June is National Soul Food Month and is a great time to celebrate African-American cuisine, said Easter H. Tucker of the University of Arkansas at Pine Bluff.

Tucker is interim family and consumer sciences program leader.

The cuisine developed during the period of American slavery, and the origins of many recipes can be traced back to before slavery, according to a news release.

“African-American slaves created meals from what they had access to – the leftover and undesirable cuts of meat they were given and vegetables they grew themselves,” Tucker said. “The term ‘soul food’ started to gain more traction in the 1960s when it was served in African-American-owned establishments in big cities such as New Orleans, Chicago, New York and Washington, D.C.”

Common soul food dishes and ingredients include black-eyed peas; butter, lima and red beans; okra, mashed potatoes, sweet potatoes, grits; collard, turnip and mustard greens; cornbread, biscuits, chicken, chicken livers, cracklins (pork rinds), pigs’ feet, ham hocks, hog jowls and catfish, according to the release.

While many traditional dishes were fried in pork fat, soul food can be cooked in healthier ways, Tucker said.

According to an article by the African American Registry®, liquid vegetable oil or canola oil can substitute pork fat for frying and smoked turkey can substitute pork meat in a number of dishes.

“To celebrate National Soul Food month, Arkansans can prepare the USDA Mixing Bowl recipe for classic macaroni and cheese,” Tucker said. “The dish is a staple at any African-American outing. This healthier version of the family favorite uses non-fat evaporated milk and low-fat cheese to create its creamy sauce.”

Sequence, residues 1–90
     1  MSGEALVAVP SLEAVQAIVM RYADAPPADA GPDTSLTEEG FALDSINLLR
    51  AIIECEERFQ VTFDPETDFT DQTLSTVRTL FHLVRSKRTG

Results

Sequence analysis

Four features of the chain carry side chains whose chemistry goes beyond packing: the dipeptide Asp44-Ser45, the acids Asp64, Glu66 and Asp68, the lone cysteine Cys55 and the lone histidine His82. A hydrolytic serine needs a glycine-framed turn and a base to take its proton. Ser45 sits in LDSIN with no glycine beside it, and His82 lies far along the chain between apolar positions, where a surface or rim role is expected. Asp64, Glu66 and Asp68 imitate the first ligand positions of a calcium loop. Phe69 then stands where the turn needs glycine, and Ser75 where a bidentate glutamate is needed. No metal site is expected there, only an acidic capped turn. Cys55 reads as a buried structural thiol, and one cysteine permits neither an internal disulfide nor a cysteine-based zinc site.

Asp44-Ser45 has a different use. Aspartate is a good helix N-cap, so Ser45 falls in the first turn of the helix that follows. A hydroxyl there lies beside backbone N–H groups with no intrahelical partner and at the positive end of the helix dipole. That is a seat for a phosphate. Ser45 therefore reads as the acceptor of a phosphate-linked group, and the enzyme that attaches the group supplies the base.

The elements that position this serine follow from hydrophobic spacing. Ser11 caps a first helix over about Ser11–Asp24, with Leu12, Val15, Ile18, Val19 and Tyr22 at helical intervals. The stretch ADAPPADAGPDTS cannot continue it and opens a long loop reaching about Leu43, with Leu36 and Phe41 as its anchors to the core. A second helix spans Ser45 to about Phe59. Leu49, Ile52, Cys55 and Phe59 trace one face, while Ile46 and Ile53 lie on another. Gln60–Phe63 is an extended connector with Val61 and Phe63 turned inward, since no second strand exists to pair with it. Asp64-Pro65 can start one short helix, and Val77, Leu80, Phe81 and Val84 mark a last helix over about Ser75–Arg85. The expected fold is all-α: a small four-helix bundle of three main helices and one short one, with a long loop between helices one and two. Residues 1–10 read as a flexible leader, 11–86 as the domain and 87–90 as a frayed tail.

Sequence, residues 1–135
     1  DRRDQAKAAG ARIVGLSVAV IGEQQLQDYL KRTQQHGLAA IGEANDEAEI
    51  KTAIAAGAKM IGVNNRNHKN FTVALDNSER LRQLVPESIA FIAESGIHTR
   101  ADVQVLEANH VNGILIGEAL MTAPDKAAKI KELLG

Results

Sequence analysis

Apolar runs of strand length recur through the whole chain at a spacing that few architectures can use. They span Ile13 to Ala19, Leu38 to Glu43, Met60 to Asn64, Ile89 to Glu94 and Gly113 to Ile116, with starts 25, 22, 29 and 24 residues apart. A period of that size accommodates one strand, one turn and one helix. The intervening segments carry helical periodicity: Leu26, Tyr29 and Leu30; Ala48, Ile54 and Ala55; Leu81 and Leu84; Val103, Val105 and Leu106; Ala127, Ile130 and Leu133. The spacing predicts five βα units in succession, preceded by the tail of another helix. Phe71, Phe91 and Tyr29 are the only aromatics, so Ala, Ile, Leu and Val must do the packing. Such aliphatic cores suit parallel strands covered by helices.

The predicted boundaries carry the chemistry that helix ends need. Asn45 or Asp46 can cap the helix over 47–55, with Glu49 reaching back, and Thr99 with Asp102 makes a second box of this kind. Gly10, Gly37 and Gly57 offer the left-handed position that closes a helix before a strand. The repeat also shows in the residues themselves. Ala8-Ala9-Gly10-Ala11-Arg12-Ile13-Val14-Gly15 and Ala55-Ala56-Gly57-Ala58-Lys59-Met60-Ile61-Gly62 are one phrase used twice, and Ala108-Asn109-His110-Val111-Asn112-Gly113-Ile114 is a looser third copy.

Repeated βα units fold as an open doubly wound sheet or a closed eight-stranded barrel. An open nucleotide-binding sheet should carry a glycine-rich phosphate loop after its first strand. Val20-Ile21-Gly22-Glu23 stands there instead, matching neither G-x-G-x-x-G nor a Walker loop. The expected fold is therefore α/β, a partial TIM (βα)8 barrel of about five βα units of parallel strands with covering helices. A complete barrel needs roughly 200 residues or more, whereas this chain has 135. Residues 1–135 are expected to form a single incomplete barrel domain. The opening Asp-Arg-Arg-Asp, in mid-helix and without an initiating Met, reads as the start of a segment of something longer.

Classic Macaroni and Cheese recipe:

Ingredients: 2 cups macaroni, 1/2 cup onion (chopped), 1/2 cup evaporated milk, non-fat, 1 large egg (beaten), 1/4 teaspoon black pepper, 1 1/4 cups cheese, finely shredded sharp cheddar, lowfat cooking oil spray.


1. Cook macaroni according to directions. (Do not add salt to the cooking water.) Drain and set aside. 2. Spray a casserole dish with nonstick cooking oil spray. 3. Preheat oven to 350 degrees. 4. Lightly spray saucepan with nonstick cooking oil spray. 5. Add onions to saucepan and sauté for about 3 minutes. 6. In another bowl, combine macaroni, onions and the remaining ingredients and mix thoroughly. 7. Transfer mixture into casserole dish. 8. Bake for 25 minutes or until bubbly. Let stand for 10 minutes before serving.

The University of Arkansas at Pine Bluff offers all of its Extension and Research programs and services without discrimination.

— Will Hehemann is a writer/editor at the UAPB School of Agriculture, Fisheries and Human Sciences.